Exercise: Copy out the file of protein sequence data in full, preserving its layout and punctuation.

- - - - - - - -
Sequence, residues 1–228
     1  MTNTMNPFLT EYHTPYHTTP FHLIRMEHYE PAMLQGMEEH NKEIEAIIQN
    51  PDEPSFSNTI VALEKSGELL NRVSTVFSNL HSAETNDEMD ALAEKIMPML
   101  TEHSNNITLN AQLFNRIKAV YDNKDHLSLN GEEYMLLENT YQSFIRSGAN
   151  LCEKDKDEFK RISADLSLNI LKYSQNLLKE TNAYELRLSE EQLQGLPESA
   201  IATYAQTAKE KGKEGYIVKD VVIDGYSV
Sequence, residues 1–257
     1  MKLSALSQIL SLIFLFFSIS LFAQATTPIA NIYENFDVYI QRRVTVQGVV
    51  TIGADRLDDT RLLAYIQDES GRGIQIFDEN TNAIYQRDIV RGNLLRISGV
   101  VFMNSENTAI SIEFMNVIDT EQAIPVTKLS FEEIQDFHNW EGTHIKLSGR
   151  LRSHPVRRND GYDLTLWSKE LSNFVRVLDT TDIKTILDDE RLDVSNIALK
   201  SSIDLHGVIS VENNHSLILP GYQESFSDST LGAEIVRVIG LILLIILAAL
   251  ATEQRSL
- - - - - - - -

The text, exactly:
Sequence, residues 1–228
     1  MTNTMNPFLT EYHTPYHTTP FHLIRMEHYE PAMLQGMEEH NKEIEAIIQN
    51  PDEPSFSNTI VALEKSGELL NRVSTVFSNL HSAETNDEMD ALAEKIMPML
   101  TEHSNNITLN AQLFNRIKAV YDNKDHLSLN GEEYMLLENT YQSFIRSGAN
   151  LCEKDKDEFK RISADLSLNI LKYSQNLLKE TNAYELRLSE EQLQGLPESA
   201  IATYAQTAKE KGKEGYIVKD VVIDGYSV
Sequence, residues 1–257
     1  MKLSALSQIL SLIFLFFSIS LFAQATTPIA NIYENFDVYI QRRVTVQGVV
    51  TIGADRLDDT RLLAYIQDES GRGIQIFDEN TNAIYQRDIV RGNLLRISGV
   101  VFMNSENTAI SIEFMNVIDT EQAIPVTKLS FEEIQDFHNW EGTHIKLSGR
   151  LRSHPVRRND GYDLTLWSKE LSNFVRVLDT TDIKTILDDE RLDVSNIALK
   201  SSIDLHGVIS VENNHSLILP GYQESFSDST LGAEIVRVIG LILLIILAAL
   251  ATEQRSL